Fund manager turned anti-corruption campaigner Bill Browder is advising investors to hang on to their cash until central banks stop raising interest rates and the cost of living starts to come down, before investing it strategically.
The Sohn Hearts & Minds Investment Leaders Conference, held annually, had before Friday’s event made more than $40m in collective donations to medical research. It applies the stock picks made by fund managers in an investment portfolio.
Professional gambler and arts impresario David Walsh had a brutal message for successful top money managers – you may just be lucky.
Technology behind the tech; healthier lifestyles; the green transition and regulatory tailwinds. These are the mega-themes the smartest minds in the market are now firmly getting behind which they believe can help them deliver outsized profits.
A room filled with 700 of the country’s financial luminaries and billionaires is a difficult place to pitch an investment idea but it’s a great place to raise money for charity.
Top global money managers are telling investors to steer clear of companies that don’t make money and invest instead in unloved but profitable businesses, as continuing central bank interest rate rises threaten to keep markets falling.
Perpetual’s star stock picker Anthony Aboud says companies with strong balance sheets will finally be rewarded for their discipline in an environment of rising interest rates and global market upheaval.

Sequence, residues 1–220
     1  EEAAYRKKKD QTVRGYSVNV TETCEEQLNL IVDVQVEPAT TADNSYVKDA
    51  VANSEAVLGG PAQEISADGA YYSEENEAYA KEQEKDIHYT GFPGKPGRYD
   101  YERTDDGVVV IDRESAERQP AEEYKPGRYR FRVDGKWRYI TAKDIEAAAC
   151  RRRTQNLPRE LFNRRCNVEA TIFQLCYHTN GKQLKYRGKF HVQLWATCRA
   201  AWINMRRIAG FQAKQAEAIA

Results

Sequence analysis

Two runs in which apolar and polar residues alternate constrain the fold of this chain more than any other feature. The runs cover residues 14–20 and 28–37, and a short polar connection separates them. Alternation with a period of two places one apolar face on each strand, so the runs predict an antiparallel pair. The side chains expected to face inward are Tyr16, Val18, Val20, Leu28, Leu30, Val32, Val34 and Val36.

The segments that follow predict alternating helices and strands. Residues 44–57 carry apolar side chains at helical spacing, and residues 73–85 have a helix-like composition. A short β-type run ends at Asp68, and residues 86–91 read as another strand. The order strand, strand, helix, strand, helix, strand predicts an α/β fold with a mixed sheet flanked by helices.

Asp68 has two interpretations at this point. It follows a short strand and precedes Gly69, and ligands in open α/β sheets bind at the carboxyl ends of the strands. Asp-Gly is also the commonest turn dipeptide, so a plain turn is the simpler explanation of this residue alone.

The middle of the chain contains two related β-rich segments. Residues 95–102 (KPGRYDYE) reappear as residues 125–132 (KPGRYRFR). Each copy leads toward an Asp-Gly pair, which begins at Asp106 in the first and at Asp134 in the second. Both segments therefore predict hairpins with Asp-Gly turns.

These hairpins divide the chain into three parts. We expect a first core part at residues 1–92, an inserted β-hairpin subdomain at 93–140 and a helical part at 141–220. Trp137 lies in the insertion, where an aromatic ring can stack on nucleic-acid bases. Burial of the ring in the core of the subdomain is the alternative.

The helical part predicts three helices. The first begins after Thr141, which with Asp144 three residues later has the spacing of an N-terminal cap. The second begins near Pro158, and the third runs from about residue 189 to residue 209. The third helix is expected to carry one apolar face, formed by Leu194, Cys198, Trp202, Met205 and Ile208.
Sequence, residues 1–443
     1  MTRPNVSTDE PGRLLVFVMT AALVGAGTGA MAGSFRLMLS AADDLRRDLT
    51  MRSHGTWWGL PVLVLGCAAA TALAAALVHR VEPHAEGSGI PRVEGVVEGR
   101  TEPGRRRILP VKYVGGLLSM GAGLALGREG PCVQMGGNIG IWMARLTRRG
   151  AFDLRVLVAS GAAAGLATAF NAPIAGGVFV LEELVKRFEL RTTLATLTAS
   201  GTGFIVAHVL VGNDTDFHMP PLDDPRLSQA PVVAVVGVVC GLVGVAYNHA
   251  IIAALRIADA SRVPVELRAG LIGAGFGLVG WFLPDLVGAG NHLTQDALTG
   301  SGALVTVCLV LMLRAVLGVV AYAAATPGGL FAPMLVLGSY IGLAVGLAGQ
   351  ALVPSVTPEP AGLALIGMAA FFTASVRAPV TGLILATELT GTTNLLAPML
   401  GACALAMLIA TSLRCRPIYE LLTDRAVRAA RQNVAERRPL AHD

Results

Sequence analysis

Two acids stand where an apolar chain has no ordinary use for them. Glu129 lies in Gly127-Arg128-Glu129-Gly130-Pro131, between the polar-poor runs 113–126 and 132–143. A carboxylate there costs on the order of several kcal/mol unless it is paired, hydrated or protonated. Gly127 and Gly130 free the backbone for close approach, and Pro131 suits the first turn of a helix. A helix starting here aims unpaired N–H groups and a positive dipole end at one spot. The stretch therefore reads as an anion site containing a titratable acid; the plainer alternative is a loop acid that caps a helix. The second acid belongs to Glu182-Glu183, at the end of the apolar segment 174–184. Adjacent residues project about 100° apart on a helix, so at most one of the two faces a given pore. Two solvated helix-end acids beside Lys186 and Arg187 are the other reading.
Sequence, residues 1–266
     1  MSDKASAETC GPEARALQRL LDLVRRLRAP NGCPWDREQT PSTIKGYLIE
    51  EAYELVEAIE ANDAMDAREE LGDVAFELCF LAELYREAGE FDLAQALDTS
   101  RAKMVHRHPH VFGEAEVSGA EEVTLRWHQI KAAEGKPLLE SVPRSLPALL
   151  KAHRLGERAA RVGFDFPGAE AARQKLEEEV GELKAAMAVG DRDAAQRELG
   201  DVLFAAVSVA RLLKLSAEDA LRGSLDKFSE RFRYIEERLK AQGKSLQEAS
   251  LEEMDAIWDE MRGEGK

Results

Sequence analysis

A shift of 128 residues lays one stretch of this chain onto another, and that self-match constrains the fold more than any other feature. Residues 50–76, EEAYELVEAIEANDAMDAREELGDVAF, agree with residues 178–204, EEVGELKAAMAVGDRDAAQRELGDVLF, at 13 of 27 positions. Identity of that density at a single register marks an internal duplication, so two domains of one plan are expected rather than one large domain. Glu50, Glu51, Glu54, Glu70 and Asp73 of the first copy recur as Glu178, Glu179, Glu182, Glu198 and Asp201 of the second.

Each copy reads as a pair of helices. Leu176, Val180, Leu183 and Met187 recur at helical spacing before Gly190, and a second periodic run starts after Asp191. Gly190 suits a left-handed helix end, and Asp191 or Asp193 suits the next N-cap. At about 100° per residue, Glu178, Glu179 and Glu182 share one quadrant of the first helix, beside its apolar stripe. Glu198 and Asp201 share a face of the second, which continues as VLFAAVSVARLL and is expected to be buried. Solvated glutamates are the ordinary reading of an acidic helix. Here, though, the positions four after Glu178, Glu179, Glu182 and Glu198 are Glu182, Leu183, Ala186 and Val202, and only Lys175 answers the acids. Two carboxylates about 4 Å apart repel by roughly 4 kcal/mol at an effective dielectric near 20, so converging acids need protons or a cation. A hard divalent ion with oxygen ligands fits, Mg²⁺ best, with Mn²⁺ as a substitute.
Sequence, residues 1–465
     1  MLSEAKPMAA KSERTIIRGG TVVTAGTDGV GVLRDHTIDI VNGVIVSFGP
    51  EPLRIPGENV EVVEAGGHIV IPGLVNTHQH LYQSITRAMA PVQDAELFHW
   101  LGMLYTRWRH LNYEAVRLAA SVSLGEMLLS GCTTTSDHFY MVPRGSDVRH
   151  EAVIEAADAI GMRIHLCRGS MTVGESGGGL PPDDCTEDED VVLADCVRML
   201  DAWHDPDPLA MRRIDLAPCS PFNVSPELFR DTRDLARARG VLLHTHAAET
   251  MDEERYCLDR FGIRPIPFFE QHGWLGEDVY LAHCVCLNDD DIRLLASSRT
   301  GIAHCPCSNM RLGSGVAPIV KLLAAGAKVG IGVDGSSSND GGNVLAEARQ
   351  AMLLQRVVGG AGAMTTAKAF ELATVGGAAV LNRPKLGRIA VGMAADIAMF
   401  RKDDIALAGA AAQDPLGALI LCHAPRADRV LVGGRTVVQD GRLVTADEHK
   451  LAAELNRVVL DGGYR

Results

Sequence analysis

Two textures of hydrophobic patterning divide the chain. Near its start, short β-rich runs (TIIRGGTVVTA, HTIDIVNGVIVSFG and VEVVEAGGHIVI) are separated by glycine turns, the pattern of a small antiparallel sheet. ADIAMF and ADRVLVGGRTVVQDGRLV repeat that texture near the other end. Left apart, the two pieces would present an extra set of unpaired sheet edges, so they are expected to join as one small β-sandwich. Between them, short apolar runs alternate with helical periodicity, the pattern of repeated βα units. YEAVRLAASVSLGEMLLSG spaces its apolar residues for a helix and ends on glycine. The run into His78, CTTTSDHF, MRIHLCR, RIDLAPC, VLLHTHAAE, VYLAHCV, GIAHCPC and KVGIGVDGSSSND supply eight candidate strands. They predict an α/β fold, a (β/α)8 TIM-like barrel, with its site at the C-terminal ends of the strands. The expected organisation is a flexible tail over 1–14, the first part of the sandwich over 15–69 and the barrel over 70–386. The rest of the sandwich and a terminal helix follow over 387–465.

Perpetual’s top stock picker Anthony Aboud makes his money running against the crowd and this is why property trusts like Charter Hall are sitting right the top his list right now.
Some of the top fund managers in the country will on Friday pitch their best investment ideas to the Sohn Hearts & Minds conference.
Twenty students from Kingston High School have been given the opportunity to attend the prestigious Sohn Hearts & Minds conference this week.
Gerry Cardinale, the owner of AC Milan and a host of other soccer, cricket, baseball and ice hockey assets is trying to double his money in the ‘resilient’ asset class.
Carleton’s conviction will be on full display on Friday, when he makes his third appearance at the annual Sohn Hearts & Minds Investment Leaders Conference, where stock-pickers share their best ideas in the name of medical research.
James Miller, a portfolio manager at Firetrail Investments, believes investors need to stop seeing the global decarbonisation push as a risk – and start seeing it as an opportunity.
Maggie O'Neill, Head of Marketing and Operations at HM1 joined Nick Griffin, CIO of Munro Partners to discuss the history of Hearts & Minds, Munro Partners' involvement and Nick's upcoming stock pitch.
Bob Desmond is Head of Claremont Global and Co-Portfolio Manager. He will present at the Sohn Hearts & Minds Investment Leaders Conference in Tasmania on November 18.
An increasing intransigence from authorities in Beijing toward private enterprise - and harsh pandemic restrictions - might be keeping some investors away, but the same factors are creating good opportunities in Chinese stocks.
Joyce Meng is a presenter at this year’s Sohn Hearts & Minds Investment Leaders Conference on November 18, which takes place in Hobart and aims to raise money for medical research.
Founder, CIO and CEO of Eminence Capital Ricky Sandler talks about his journey launching the $5.7 billion dollar asset manager, how the market has changed over the past decade and his motivations for participating in this year's Sohn Hearts & Minds conference.
Munro’s Nick Griffin on why he prefers Alphabet and Amazon over Meta, shorting industrials and Chinese equities, and his top picks for the energy transition.
When Auscap Asset Management founder Tim Carleton tips a stock at this month’s Sohn Hearts & Minds conference in Hobart, he doubts it will be a name that shocks investors.
The veteran fund manager says the most uncertain period of his career will deliver huge opportunities – providing his firm can stick to its system.